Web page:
Scott Morrison made a significant admission on Friday, revealing he knows he needs to "change" if he is re-elected as Prime Minister.
Speaking in Melbourne on Friday, Morrison conceded that he "can be a bit of a bulldozer" when it comes to some issues and noted that an adjustment would be needed in the future.
"Over the last three years and particularly the last two, one of the things Australians have needed from me, going through this pandemic has been strength and resilience. Now, I admit that hasn't enabled Australians to see a lot of other gears in the way I work," he said at a press conference.
"I know Australians know that I can be a bit of a bulldozer when it comes to issues.
"I suspect you guys know that too," he added, referring to the media pack.
Morrison said he had always thought listening to Australians was incredibly important and has tried to do so throughout this election campaign.
The PM noted he had worked hard to land "really big security agreements" like the AUKUS deal, saying you had to be "determined" to negotiate major agreements like that.
However, he also conceded that his "bulldozer" strategy wouldn't always work heading into the future, and specified there were things he would "have to change" if re-elected.
"As we go into this next period, on the other side of this election, I know there are things that are going to have to change with the way I do things because we're moving into a different time," Morrison said.
"We're moving into a time of opportunity and working from the strong platform of strength that we've built and saved in our economy in these last three years.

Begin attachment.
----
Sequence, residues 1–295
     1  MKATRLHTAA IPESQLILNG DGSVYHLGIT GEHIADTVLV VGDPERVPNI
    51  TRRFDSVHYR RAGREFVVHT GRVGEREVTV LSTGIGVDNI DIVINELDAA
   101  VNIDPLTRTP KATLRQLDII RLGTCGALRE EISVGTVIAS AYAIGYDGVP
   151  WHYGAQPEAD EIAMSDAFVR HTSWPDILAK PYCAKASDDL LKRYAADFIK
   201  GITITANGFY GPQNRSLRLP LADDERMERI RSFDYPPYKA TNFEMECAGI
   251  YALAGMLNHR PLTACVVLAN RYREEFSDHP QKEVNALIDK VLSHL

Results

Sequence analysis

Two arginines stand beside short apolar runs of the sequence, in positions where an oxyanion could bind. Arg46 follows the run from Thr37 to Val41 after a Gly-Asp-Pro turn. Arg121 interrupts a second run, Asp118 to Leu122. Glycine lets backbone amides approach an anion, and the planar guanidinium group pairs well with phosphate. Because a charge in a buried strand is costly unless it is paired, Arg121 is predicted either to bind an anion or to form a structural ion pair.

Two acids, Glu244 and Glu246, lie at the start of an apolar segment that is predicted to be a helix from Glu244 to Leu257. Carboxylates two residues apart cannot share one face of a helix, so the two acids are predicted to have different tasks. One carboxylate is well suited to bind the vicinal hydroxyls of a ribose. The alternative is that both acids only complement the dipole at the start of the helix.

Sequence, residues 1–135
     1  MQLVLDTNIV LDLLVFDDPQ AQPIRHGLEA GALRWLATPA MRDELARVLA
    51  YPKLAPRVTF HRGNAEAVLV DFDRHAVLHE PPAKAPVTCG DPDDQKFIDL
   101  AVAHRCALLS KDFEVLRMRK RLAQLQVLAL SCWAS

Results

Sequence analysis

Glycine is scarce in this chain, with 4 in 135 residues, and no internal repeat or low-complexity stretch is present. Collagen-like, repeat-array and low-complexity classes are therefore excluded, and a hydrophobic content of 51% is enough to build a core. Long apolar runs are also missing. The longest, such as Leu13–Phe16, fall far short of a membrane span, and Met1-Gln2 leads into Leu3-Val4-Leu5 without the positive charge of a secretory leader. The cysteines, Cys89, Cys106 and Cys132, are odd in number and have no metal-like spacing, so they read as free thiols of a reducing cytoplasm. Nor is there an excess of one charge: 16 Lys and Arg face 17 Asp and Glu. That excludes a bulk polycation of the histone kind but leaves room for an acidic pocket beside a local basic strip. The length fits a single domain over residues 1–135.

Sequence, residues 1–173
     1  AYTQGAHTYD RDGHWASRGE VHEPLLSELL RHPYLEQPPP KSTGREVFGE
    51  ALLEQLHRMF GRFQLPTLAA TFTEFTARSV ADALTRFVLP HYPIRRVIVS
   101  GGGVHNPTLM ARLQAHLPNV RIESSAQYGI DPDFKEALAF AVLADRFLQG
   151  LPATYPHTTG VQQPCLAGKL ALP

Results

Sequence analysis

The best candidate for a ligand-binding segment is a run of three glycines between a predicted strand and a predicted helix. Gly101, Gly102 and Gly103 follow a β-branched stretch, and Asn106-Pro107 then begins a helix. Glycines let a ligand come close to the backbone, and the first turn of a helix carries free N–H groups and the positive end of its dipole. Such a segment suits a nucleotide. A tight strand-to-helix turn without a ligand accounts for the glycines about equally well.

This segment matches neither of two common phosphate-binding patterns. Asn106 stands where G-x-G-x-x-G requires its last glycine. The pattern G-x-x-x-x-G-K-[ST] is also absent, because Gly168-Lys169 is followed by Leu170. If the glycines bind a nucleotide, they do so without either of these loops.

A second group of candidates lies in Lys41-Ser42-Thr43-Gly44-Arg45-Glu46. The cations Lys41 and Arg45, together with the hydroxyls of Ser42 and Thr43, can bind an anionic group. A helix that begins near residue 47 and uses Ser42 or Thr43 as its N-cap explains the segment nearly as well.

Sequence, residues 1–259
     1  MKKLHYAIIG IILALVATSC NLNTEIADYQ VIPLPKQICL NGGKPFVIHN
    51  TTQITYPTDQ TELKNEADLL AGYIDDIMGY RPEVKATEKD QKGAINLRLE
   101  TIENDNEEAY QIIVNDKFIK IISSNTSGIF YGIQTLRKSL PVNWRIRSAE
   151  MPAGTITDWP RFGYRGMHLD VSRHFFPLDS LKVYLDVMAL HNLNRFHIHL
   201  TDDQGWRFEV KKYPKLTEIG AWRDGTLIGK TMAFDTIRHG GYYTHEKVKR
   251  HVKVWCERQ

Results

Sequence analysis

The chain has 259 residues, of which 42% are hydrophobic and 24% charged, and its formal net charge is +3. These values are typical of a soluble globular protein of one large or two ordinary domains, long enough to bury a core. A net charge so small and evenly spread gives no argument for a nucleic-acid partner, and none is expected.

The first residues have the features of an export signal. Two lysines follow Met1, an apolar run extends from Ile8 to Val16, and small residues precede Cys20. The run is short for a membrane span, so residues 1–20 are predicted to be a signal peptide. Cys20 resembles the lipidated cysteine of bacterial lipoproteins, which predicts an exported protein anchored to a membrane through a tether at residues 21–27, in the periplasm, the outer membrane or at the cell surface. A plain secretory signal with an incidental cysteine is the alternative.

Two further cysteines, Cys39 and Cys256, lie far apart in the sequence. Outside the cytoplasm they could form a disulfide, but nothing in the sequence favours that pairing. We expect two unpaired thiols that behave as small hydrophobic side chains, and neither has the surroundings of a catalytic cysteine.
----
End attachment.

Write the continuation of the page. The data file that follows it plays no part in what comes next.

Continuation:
"We can now take advantage of those opportunities in the future."
Though, the Prime Minister claimed that "resilience and strength" will still be needed in the future.
The acknowledgement that he would "have to change" marks a significant shift in Morrison's campaign strategy. He has previously acknowledged that he may not be well-liked, but insisted his popularity "doesn't matter".
"You may not like everything we've done, you may not like me that much, but that's not the point," he told voters earlier in the election campaign.
"When you go to the dentist, it doesn't matter whether you like him or her. You want to know they're good at their job."
This acknowledgement he needs to change is a major admission from the Prime Minister one week out from the election, with ABC's Patricia Karvelas branding the situation "extraordinary".
"I actually think this is the most significant pivot and press conference by the Prime Minister of the campaign," she said on ABC News following the press conference.
"What he has actually said here in this press conference is incredibly significant in terms of the Liberal Party's messaging.
"The most important sentence I heard from the Prime Minister and which demonstrates that shift that I talk of, is I know there are things I have to change in how I do things. Wow."
Karvelas claimed Morrison's sudden change in messaging today demonstrated "an informed view" going forward and that he is listening to what voters are saying.
"I've done quite a bit of research into what voters, undecided voters are saying and one of the big, big feedback points has been 'here we go again'. One person described it as to me, 'more of the same from Scott Morrison'. That he's negative and it's all more of the same. You get more the same if you vote for him," she said.
"So what the Prime Minister is doing in this press conference is pivoting and changing his language for re-election. And it's a significant shift. It's not a small shift."
During the press conference, Morrison also noted how he had been changing the way Australia interacts with neighbours in the Pacific.
In the past, Australia has "acted like a bit of a colonial overlord" and "stomped around", he claimed.
"As I have with many of the Pacific leaders, I have sought to change the way that we deal with the Pacific. You've heard me mention it on so many occasions, I think Pacific leaders should be treated as equals and as family working together to address the national security issues," he said.
"Which is why when these issues come up, when those threats come up, and when I engage with the civic leaders, they know I'm doing that out of a shared concern."